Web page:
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Humanities LibreTexts

12.1: Overview

  • Page ID
    64725
  • Art movements became fleeting moments in time…

    The world was engaged in world war and localized civil wars in the early part of the 20th century, generating a turbulent time for art. Established territories were realigned, only to be redefined again after the second world war. The 20th-century modern art movement was a liberation of communication in art, depicting art as what 'you don't' see instead of the reality right in front of you. Modern art became a 'free for all,' artists were free to use any color to represent anything; the object of modern art was to paint an interpretation instead of authenticity. Distortion of people and objects became the artistic, political statement and emphasized the abnormal. Evolving on the heels of the Post-impressionism movement, which had liberated art from the traditional rules, the philosophy driving the modern art movement was the spirit of experimentation and innovation.

    It was a time of experimentation, and artists used wild brush strokes, vibrant colors, overlapping lines, and unnatural positions, all abstracted into a painting. Artists tried to invoke emotions instead of realistic images. Materials moved beyond paint and canvas, introducing the concept of collage, adding fragmented pieces of paper or other material producing a layered look. Out of the industrial revolution came synthetic plastics bringing new chemicals to produce dyes, paper, textiles, and architectural constructions.

    Chapter 12, The Modern Art Movement (1900 CE – 1930 CE), covers the paintings of the new ideas, discussing the work of the many artists who influenced modern art.

    Movement

    Time Frame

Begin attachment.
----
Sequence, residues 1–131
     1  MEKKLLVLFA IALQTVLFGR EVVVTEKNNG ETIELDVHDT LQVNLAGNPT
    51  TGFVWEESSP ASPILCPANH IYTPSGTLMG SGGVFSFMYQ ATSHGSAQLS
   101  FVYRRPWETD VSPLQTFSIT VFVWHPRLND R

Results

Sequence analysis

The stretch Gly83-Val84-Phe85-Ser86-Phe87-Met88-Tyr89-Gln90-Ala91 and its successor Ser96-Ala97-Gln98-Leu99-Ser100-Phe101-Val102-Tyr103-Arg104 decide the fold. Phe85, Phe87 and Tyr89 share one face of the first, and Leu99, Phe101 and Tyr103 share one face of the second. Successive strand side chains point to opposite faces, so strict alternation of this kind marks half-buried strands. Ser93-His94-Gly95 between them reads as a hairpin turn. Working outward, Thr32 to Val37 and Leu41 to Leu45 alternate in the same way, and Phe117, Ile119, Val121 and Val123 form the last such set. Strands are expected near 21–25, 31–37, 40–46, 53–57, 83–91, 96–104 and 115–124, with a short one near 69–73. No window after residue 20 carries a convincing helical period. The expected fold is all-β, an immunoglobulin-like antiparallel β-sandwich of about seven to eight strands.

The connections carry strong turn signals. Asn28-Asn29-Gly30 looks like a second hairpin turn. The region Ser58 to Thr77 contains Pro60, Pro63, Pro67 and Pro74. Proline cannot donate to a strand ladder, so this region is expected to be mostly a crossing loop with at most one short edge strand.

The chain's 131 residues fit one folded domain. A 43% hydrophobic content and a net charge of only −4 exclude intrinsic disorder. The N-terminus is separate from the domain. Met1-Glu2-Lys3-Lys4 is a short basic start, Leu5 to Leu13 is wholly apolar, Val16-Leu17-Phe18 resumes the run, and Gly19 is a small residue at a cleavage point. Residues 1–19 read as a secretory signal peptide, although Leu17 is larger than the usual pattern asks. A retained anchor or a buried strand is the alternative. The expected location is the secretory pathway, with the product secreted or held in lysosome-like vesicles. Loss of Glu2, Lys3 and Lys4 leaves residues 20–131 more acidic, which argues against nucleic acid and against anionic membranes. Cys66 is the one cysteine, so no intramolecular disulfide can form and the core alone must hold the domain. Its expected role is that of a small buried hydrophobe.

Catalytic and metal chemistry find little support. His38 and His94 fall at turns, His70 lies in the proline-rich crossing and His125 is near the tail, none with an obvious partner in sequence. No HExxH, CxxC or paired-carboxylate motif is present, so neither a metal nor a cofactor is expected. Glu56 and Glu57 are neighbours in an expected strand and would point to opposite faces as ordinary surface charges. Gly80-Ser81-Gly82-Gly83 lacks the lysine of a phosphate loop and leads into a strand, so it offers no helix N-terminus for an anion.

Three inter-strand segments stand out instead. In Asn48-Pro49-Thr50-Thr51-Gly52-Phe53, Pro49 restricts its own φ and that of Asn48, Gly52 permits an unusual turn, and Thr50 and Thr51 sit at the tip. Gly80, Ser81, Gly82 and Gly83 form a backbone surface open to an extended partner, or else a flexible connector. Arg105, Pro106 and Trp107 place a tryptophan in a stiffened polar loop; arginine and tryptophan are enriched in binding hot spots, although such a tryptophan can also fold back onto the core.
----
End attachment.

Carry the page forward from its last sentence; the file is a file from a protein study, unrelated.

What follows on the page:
Starting Location

    American Modernism

    1900 – 1930s

    United States

    Fauvism

    1900 – 1935

    France

    Expressionism

    1905 – 1930

    Germany

    Cubism

    1907 – 1914

    France

    Dada

    1916 – 1930

    Switzerland

    The Bauhaus

    1919 – 1933

    Germany

    Harlem Renaissance

    1920 – 1930s

    Canada

    Canadian Group of Seven

    1920 – 1933

    United States

    Artists expanded the concepts of art experimenting with the ideas they were expressing, not the concepts of reality but their inner visualizations. Others were rebelling against racism, celebrating their ideas and lives, or building new architectural models.

    Artist

    Approx.

    Birth

    Movement

    Georgia O’Keeffe

    1887

    American Modernism

    Edward Hopper

    1882

    American Modernism

    Thomas Hart Benton

    1889

    American Modernism

    Henry Ossawa Tanner

    1859

    American Modernism

    Marion Hasbrouck Beckett

    1886

    American Modernism

    Henri Matisse

    1869

    Fauvism

    Albert Marquet

    1875

    Fauvism

    Amedeo Modigliani

    1884

    Fauvism

    Alice Bailly

    1872

    Fauvism

    Natalia Goncharova

    1881

    Fauvism

    Franz Marc

    1880

    Expressionism

    Paul Klee

    1879

    Expressionism

    Gabriele Münter

    1877

    Expressionism

    Emil Nolde

    1867

    Expressionism

    Otto Muller

    1874

    Expressionism

    Marianne von Werefkin

    1860

    Expressionism

    Paula Modersohn-Becker

    1876

    Expressionism

    Pablo Picasso

    1881

    Cubism

    Georges Braque

    1882

    Cubism

    Juan Gris

    1887

    Cubism

    Fernand Léger

    1881

    Cubism

    Maria Blanchard

    1881

    Cubism

    Lyubov Popova

    1889

    Cubism

    Jean Arp

    1886

    Dada

    Hannah Hoch

    1889

    Dada

    Sophie Taeuber-Arp

    1889

    Dada

    Walter Gropius

    1883

    The Bauhaus

    Ludwig Mies van der Rohe

    1886

    The Bauhaus

    Peter Behrens

    1868

    The Bauhaus

    William Johnson

    1901

    Harlem Renaissance

    Jacob Lawrence

    1917

    Harlem Renaissance

    Charles Henry Alston

    1907

    Harlem Renaissance

    Aaron Douglas

    1899

    Harlem Renaissance

    Sargent Claude Johnson

    1888

    Harlem Renaissance

    Laura Wheeler Waring

    1887

    Harlem Renaissance

    Archibald John Motley Jr.

    1891

    Harlem Renaissance

    James Richmond Barthé

    1901

    Harlem Renaissance

    A. Y. Jackson

    1882

    Canadian Group of Seven

    James MacDonald

    1873

    Canadian Group of Seven

    Thomas Thomson

    1877

    Canadian Group of Seven

    Emily Carr

    1871

    Canadian Group of Seven

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